Well, I can’t wait to see you two spar. Moving back to the film at hand, did you feel like a Sundance darling at all this year given the fact that you had two films playing there — this one and “Touchy Feely”?

I did, it was fun to have two films there. I like that feeling. I’d like to have more of that. I like going there and having a couple things to do. I like Sundance. It was only my second time there. I’ve had other films there, but I was working on “The West Wing,” so I could never do anything. But I like being there, it’s a great event, and I think it’s very prestigious and it’s exciting to have films accepted there, you feel like you’ve been accepted by the indie world, which is a cool world to be accepted by.

Were you there for “Liberal Arts”?

I was not. I don’t know if we did get into Sundance, did we?

Yeah, it premiered there the year before.

Where was I? Where the heck was I? No, was I there? I was there!

You were there!

I was there! Oh my god, I’m drunk. Why don’t I — there are so many things I do in my life, I don’t remember things. That was my first time at Sundance, with “Liberal Arts.” Yes.

You waited a long time to go.

I know! I know, I’m a late bloomer in everything.

So let’s talk a bit about Aaron Sorkin. Do you watch “The Newsroom”?

I have it on TiVo, and I haven’t. I’ve been into the binge watching lately, and I haven’t watched the whole thing yet, but I have it on my TiVo waiting to dive into, and I haven’t done it. I think part of me is like — I feel like, you know, my father jumped to another family. It’s that feeling of “I’m not in that, I’m not going to watch it.” Don’t say it just like that alone, otherwise it will sound awful.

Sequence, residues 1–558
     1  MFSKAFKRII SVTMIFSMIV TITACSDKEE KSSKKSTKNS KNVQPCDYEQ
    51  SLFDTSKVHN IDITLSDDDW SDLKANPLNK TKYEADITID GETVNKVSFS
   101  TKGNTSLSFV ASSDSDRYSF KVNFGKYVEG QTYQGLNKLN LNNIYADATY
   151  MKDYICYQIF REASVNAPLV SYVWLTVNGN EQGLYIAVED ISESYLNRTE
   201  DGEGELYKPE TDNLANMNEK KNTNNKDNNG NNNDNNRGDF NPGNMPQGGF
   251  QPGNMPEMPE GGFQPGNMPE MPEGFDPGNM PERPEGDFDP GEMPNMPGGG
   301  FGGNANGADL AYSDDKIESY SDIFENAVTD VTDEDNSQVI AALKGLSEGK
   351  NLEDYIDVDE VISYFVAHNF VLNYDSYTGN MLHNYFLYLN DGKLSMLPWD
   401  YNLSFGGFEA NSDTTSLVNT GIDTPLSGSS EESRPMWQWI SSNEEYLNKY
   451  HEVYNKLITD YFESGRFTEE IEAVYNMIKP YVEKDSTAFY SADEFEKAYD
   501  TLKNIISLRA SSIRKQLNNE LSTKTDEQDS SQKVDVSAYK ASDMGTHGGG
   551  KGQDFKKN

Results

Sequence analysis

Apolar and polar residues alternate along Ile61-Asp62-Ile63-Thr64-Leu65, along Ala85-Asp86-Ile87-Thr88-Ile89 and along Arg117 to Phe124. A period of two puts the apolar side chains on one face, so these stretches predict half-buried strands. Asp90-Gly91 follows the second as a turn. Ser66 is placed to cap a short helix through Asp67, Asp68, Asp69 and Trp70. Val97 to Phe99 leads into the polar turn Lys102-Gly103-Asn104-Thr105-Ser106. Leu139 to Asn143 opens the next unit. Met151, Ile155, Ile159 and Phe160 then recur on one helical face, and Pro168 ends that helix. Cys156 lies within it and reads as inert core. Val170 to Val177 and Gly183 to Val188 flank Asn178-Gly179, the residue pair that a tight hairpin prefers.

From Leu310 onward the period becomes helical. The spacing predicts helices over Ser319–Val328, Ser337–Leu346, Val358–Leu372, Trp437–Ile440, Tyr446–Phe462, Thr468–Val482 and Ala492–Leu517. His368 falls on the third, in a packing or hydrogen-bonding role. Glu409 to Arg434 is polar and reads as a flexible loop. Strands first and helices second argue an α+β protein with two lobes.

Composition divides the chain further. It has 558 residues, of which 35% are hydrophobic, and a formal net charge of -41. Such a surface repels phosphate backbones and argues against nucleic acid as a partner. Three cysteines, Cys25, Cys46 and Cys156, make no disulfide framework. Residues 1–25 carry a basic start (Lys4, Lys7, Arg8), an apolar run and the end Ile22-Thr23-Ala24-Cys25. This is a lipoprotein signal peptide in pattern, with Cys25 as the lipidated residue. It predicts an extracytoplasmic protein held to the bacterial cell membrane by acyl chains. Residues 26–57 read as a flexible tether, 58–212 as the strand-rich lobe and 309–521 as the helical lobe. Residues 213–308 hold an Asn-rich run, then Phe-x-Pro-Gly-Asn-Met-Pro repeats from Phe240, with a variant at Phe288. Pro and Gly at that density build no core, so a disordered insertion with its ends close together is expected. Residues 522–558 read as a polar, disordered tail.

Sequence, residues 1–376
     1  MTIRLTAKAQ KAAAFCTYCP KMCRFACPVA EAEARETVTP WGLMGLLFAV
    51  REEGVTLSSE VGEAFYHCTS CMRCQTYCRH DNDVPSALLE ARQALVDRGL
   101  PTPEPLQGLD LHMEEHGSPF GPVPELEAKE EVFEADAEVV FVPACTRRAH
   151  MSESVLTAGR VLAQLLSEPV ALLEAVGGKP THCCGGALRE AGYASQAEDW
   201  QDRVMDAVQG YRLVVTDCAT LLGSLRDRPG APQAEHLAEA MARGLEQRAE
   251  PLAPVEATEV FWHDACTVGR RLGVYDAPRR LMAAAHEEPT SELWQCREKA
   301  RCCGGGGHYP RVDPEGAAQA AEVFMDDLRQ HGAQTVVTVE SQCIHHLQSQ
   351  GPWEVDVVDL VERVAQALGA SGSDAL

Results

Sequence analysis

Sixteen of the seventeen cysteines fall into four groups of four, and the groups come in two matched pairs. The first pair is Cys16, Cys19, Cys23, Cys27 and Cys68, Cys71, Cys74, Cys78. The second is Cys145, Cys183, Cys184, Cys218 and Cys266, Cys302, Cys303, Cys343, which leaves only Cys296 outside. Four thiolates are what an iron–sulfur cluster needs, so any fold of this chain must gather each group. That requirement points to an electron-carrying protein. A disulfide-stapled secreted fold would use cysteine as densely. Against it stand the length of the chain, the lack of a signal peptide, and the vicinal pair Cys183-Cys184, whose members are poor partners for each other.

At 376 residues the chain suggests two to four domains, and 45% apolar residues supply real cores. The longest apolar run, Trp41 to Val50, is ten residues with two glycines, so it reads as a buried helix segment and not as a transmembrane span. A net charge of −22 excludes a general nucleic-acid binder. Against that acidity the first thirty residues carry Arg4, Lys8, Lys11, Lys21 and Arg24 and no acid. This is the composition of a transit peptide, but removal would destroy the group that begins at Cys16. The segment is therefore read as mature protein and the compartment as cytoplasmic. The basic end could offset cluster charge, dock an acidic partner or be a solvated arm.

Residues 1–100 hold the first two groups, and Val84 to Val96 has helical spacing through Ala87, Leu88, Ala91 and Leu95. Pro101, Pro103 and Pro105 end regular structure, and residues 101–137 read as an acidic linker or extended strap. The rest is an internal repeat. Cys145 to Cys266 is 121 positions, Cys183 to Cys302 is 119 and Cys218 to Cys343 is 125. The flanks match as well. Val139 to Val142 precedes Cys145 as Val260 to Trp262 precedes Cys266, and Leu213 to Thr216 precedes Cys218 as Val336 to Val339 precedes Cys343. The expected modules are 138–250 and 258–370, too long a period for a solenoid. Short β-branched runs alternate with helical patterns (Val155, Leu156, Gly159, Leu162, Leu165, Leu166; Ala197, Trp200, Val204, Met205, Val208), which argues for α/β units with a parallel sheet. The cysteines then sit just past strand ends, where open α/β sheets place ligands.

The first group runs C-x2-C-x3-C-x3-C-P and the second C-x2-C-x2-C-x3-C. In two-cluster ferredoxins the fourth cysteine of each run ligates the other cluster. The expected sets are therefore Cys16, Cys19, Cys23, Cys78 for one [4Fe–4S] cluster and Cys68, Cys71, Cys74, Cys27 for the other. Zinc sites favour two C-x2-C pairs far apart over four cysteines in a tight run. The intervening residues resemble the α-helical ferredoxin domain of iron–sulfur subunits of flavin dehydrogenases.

I’m going to lead with that.

[Laughs] I love Aaron, he’s amazing, but I have not watched the whole thing.

But you’ve seen episodes?

I have seen episodes and I love it, and I recognize Aaron’s writing and how he’s so masterful at characters and stories and drawing people in, and riding that fine line between something being too emotional or, what’s the word…oh god, my mind. He’s just a brilliant writer, that’s all I can say.

You said you binge watch shows. What do you binge watch? Tell me “Scandal.”

Oh, “Scandal.” Love “Scandal.”


I just watched “House of Cards.” Brilliant. “Game of Thrones” I love and hate and can’t believe the things that happen in that show. I swear, after every episode, “I’m never going to watch this again! I can’t believe they killed that person! How can they do that?” Nobody’s sacred, it makes me mad. And then a couple days go by and I go, “I wonder what’s going to happen next week.”

I don’t think I could read the books, I think I would not be able to. It would take me years to read one of those books, I think. I love that show. What else am I watching? I love “Veep.” Adore it. I got to be on it with Julia Louis-Dreyfus, who’s just a genius. All of the actors on that show are just brilliant.

I’m sensing from everything that you’re saying that you’re drawn to political fare. I mean, even “Game of Thrones” has political intrigue.

It does, but I am so not a political person. I mean, I vote and I care about things–

“The West Wing” didn’t make you that way?

No, and it’s infuriating because everyone thinks I’m as smart as C.J. about things, and I’m just not. So when I hear that someone is really excited to meet me because they’re big “West Wing” fans and they’re really political people, I’m like, “No, I’m not going to meet them,” because I will be a disappointment. Because I’m not comfortable talking about politics. I was raised in a family where we didn’t really talk about politics around the dinner table. We didn’t have heated conversations about what was going on in the world. We didn’t talk about it. I do care, and I do things that are good, and I vote, and I believe in certain things, but I’m just not that comfortable being a spokesperson for them.